Under construction on a former industrial site across the Gorge waterway from downtown, Dockside Green's 26 planned buildings will incorporate super-efficient appliances and bathroom fixtures that cut water needs by nearly half compared to conventional suites. Twinned plumbing will distribute potable water to taps, but carry recycled waste-water to flush toilets, irrigate landscaping and maintain the ornamental stream that will run down the centre of the project; any recycled water left over will be sold to local industry. By treating residents' sewage on-site, the development expects to save $81,000 a year in city charges -- and generate space heat.
If other builders take up the same ideas, the project's sales materials hint, the capital might be able to postpone spending an anticipated $100 million to develop new water supplies by the early 2020s.
Purchasers who snapped up 80 of 95 units in the first four Dockside buildings in one day like what Joe van Bellingham, the project's promoter and lead cheerleader, calls its "future-proofing" quality. "It was a way of distinguishing the product in the marketplace," Joe candidly admits. At the same time, by designing to a "triple bottom line" of economic, social and environmental returns, Joe slashed his usual costs of securing community approvals and marketing, more than offsetting the modest extra expense of adding innovative features. In fact, the chartered accountant has become a bottom-line fan of designs that spare water and other environmental values: "The more we understand, the better we get at it, the more money we're going to make," he enthuses. "I really think the private sector is going to jump on this and lead the market."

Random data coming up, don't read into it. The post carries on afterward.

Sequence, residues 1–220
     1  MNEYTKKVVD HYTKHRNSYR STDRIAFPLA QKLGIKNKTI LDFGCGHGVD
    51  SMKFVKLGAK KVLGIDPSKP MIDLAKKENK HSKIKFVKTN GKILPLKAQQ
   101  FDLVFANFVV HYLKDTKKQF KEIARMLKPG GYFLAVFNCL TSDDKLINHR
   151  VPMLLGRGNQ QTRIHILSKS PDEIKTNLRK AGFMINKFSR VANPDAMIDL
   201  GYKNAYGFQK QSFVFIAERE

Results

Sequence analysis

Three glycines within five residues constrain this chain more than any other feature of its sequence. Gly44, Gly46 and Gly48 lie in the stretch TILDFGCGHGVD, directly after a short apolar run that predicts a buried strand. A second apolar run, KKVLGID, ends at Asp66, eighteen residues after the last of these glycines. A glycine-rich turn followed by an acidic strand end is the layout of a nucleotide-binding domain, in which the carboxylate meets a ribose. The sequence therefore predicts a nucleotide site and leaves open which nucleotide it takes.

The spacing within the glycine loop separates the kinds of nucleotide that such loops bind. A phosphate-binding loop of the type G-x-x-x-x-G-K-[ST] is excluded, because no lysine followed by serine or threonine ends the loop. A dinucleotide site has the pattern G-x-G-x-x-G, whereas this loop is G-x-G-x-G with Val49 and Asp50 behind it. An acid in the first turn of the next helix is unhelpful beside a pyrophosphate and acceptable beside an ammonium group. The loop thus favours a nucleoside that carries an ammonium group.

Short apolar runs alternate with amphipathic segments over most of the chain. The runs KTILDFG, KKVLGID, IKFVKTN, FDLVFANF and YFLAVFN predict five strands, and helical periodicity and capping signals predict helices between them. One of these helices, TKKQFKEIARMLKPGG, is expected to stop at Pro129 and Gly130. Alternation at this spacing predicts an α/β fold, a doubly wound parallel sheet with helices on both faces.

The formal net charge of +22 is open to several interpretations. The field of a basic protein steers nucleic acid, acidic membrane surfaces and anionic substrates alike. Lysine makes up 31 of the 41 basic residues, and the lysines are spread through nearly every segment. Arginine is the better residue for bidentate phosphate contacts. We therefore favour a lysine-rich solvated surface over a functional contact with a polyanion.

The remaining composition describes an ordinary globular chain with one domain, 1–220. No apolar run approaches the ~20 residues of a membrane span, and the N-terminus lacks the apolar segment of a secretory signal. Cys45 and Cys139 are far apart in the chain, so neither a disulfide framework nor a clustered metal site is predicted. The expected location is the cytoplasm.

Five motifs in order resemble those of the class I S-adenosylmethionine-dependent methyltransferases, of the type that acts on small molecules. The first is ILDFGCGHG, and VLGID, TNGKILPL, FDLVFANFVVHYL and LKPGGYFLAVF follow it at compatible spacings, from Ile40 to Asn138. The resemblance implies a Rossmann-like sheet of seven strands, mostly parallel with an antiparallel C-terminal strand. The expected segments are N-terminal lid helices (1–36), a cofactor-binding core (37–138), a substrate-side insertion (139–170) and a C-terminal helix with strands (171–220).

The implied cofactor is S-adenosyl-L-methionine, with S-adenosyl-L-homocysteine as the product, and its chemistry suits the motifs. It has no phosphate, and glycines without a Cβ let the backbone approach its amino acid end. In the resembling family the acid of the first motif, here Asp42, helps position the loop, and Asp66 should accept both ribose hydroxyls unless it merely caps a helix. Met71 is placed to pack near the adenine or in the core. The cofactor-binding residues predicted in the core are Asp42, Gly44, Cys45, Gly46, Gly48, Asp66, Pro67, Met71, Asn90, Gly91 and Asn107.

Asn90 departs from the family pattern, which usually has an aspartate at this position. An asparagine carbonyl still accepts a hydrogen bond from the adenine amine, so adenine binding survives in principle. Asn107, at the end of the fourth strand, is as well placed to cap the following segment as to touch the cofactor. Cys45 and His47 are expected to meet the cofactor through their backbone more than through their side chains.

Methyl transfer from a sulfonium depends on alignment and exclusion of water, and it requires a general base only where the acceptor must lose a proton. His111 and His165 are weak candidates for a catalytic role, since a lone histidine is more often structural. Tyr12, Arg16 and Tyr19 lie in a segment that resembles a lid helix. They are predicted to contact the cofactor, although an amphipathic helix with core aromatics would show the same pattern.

New wave of water recycling
Admittedly the idea of "recycling" water carries a certain, what shall we call it, odour? Yet in truth, every drop of rainwater that falls from the sky is "recycled" -- evaporated from salty (and increasingly soiled) oceans, condensed in the atmosphere and returned to the ground in what amounts to a planetary-scale distillery. But as human demands exceed the global still's local deliveries, a growing number of cities are doing the job themselves. In San Diego, recycled water is returned directly to the mains; Las Vegas pumps cleaned-up sewage into Lake Mead to blend with nature's product before it gets served back to tourists on the Strip.
Dockside Green isn't the first to pioneer the idea in B.C. Amid the vast domed digesters and settling ponds of the GVRD's 126-acre Annacis Island sewage treatment facility, the pilot recycling plant commissioned earlier this month looks like a diminutive school science project. Nonetheless, its open hopper tank and metre-wide U-shaped horizontal tube are big enough to accommodate one per cent of the larger facility's treated effluent. Already as clear as most mountain streams, the effluent is filtered further through sand (in the hopper), then disinfected with chlorine (in the U-tube).